Shattuck’s Tegan Jones – Character Counts Presented by Jess Wales Chevrolet

By John Tranchina

As a freshman in the 2017 season, Tegan Jones earned a spot in the starting lineup for the Shattuck fast-pitch softball team and learned from a talented group of seniors that helped show her how it was done. They even won the Class A state championship that year.

Now, as Jones is about to head into her junior season, the Indians’ starting short stop is taking on more of a leadership role, and has those lessons she absorbed as a freshman to guide her on how to conduct herself.

“I used to be an underclassman and I had the upperclassmen show me how to act and show me what to do and what it’s like to be a leader, so now that it’s my turn, it made it a lot easier for me to just show girls that it’s okay to mess up,” said Jones, who didn’t start playing softball until she moved to Shattuck for seventh grade. “You just got to keep trying, keep going, because softball is a mental sport. You can never get down on yourself, or the next play, you’re probably not going to make. The senior class (in 2017), they were just amazing leaders and it was just really cool to look up to people like that.”

Getting an opportunity to play, and contribute to, a state champion that year – Shattuck also won the slow-pitch state tournament in the spring of 2018 – was also an experience that made a major impression on Jones.

“As a freshman, I was honestly terrified, but with having the seniors out there being so confident, it made me want to be confident, too, so that really helped me to calm down and just play softball,” she said. “It was an amazing experience. I’m so glad I got to experience that as a freshman, because that kind of got my nerves out. It was crazy-crazy.”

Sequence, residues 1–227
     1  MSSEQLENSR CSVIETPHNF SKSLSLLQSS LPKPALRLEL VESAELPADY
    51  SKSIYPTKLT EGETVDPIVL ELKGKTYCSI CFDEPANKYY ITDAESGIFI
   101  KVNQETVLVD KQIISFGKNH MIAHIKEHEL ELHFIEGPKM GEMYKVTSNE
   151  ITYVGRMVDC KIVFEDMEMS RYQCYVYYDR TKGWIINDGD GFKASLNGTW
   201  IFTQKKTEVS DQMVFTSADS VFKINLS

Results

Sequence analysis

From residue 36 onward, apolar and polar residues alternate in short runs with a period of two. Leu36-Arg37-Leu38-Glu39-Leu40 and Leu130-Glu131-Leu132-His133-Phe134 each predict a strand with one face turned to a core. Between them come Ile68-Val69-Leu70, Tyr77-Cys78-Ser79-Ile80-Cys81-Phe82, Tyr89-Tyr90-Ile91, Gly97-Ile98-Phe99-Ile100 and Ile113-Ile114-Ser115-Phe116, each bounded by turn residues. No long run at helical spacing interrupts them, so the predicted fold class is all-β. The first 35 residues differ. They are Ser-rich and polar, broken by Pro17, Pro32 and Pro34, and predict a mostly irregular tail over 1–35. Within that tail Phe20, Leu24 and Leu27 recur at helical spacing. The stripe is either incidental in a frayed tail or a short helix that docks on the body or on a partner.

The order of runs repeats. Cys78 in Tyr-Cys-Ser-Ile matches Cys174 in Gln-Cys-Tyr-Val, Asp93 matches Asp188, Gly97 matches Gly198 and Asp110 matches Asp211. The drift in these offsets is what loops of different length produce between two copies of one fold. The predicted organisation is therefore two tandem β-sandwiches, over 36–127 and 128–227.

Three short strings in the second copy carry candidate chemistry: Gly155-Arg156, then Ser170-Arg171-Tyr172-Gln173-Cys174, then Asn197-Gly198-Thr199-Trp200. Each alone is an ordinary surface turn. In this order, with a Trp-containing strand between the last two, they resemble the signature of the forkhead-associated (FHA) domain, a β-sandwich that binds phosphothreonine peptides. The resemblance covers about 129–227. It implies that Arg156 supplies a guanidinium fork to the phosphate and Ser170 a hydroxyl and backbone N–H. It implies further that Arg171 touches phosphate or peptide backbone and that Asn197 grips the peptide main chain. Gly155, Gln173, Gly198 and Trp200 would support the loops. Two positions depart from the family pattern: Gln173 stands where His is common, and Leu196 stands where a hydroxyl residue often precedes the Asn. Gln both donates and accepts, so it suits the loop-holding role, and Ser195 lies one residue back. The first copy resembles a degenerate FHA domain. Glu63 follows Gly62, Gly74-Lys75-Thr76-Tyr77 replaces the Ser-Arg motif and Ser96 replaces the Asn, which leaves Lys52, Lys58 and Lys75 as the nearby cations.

After the fast-pitch team went 32-5 and reached the Class A state quarterfinals last year, Jones has been busy working hard this summer to get better for the upcoming season.

“At Shattuck, we actually have what they call ‘Summer Pride,’ so every morning, we wake up at 7:30 and we lift weights, we do training, try to get faster,” said Jones, who also plays basketball at Shattuck. “And then after that, I will stay and hit and do some stuff with the coach, try to get my arm stronger, my bat speed faster, hit the ball hard. Shattuck’s just big on being better and doing better things.

“The coaches at Shattuck push you extremely hard and that’s why we have great outcomes, I think.”